Readers in factories

Readers or lecturers were hired by factories with the money of the workers. Their duty was to read books or newspapers in order to entertain people during monotonous work.

After the invention of the radio, this profession disappeared, however, there is still a place on Earth where it still exists and is considered an achievement of non-material culture. We are talking about Cuba where lecturers in cigarette factories called lectores de tabaquería continue reading aloud to workers just like they did 150 years ago. Sometimes they simply have conversations on various topics or support the workers with a kind word or a piece of advice.

Rag-and-bone men

In the 19th — 20th century, there were buyers of rags and other trash who served as the primary link in the recycling system in Europe, the Russian Empire, and the USA. Rag-and-bone men used to buy old canvas and wool rags, paper, and ropes, which were recycled for making paper and cloth again, as well as bones that were used for producing glue and fertilizers. They also bought clean bottles and bottle caps.

The profession was quite wide-spread: there were about 50,000 rag-and-bone men in Paris in 1884. But as the industry developed and new technologies were introduced, much of the garbage was replaced by other components (for example, people started to get fertilizers not from bones but from phosphates). Manufacturers became more demanding to the quality of raw materials and the necessity for the work of rag-and-bone men slowly faded away.

Ice delivery people

The process of creating and preserving ice for using it in hot seasons existed in many countries around the world but in the 19th century, a whole new industry of ice trading also known as the frozen water trade appeared. Ice cut from the surface of water pools in winter was used in this trade.

In the photo above, you can see girls who mastered the profession of delivering ice to the homes of customers during World War I. Judging by the way they put this huge ice piece on the road, we can assume that they didn’t worry much about the hygiene of food products at the beginning of the 20th century.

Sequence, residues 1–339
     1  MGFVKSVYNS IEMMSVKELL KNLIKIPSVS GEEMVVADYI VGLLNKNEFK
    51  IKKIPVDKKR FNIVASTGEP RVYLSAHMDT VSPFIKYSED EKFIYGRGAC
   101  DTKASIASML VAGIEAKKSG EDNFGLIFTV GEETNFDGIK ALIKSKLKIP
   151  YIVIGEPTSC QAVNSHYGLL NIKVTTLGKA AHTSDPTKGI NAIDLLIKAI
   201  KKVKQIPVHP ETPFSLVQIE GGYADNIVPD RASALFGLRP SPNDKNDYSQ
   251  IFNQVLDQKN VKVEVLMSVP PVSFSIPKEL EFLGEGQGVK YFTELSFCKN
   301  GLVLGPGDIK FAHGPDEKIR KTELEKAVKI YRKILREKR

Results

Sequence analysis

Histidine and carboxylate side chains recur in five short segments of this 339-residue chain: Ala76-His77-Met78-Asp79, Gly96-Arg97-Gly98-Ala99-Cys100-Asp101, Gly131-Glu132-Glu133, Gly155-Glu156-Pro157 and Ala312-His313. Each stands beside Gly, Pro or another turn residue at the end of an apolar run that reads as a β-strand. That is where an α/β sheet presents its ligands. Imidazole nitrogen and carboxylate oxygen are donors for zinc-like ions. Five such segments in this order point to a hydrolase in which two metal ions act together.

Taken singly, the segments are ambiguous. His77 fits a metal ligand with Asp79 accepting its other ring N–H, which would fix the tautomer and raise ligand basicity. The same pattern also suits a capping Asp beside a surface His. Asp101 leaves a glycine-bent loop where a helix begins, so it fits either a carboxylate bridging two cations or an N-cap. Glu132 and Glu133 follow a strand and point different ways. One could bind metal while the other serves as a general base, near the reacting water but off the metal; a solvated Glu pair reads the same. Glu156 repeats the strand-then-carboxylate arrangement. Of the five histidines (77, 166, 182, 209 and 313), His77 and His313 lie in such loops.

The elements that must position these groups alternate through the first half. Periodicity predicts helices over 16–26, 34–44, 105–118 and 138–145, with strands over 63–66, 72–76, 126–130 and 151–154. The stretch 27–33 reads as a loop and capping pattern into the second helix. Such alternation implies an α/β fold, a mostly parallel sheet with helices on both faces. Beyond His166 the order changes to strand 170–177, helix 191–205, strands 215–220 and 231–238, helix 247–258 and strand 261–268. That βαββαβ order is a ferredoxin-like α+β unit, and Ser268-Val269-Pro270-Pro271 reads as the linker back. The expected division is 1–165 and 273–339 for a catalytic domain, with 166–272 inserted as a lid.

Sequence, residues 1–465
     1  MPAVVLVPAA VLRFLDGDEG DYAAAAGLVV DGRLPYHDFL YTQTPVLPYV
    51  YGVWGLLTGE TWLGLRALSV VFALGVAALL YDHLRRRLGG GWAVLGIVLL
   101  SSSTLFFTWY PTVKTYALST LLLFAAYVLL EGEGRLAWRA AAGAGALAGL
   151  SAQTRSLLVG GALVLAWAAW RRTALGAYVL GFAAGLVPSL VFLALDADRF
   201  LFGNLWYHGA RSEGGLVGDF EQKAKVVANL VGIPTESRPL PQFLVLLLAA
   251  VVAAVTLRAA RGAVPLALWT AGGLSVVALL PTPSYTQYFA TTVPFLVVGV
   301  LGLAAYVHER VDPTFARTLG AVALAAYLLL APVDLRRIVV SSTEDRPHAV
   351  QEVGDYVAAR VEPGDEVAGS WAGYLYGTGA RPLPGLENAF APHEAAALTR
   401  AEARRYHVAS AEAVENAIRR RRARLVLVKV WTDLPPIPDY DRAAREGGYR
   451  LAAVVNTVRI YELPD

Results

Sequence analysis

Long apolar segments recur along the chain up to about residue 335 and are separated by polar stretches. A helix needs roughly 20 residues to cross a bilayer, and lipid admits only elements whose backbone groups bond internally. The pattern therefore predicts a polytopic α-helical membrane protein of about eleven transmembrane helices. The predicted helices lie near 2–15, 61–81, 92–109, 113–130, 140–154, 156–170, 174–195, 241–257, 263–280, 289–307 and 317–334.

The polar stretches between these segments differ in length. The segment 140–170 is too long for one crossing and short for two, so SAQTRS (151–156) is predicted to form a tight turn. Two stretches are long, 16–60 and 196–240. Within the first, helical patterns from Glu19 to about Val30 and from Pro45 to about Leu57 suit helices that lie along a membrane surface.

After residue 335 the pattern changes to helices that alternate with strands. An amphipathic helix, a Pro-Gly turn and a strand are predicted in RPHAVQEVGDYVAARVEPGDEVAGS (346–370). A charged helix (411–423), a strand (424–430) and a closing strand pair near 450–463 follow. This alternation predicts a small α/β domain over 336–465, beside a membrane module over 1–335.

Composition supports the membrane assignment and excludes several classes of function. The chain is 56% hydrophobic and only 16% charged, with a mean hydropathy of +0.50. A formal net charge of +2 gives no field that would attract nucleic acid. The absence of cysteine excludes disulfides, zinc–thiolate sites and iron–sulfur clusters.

Pinsetter

pinsetter or pin spotter is a person who used to manually set pins in bowling alleys and returned bowling balls to their initial place. This work wasn’t high paying and it was mostly an evening job, that’s why it was mostly teenagers or pin boys who were doing it. The profession was in demand until the invention of the pin spotter machine in 1936, after which the need for manual work disappeared.

Human computer

Due to unknown reasons, women’s mathematical abilities were considered worse than men’s for a long time. However, the practice shows the opposite — the work of a human computer or a calculator was almost always made by women before the appearance of powerful computers.

Teams of women-calculators participated in the design of large engineering structures, the development of weapons during the Second World War, and the programming of the first electronic computing devices.

By the way, it’s thanks to such women that space flights even became possible. But, unfortunately, the importance of their role is not widely known, at least, it wasn’t until the 2016 release of the biographical movie, Hidden figures.

Leech collector

Leech collectors used to find and gather leeches for medical purposes. Very often, it was their legs that they used as “bait” for collecting these not-so-pleasant creatures. This fact affected the health of leech collectors negatively. Fortunately, nowadays there is no need to collect medical leeches in swamps — they are bred in special jars.

Which of these jobs would you like to try? Please tell us about it in the comments!

Source : https://brightside.me/wonder-curiosities/13-popular-professions-that-have-disappeared-for-good-619810/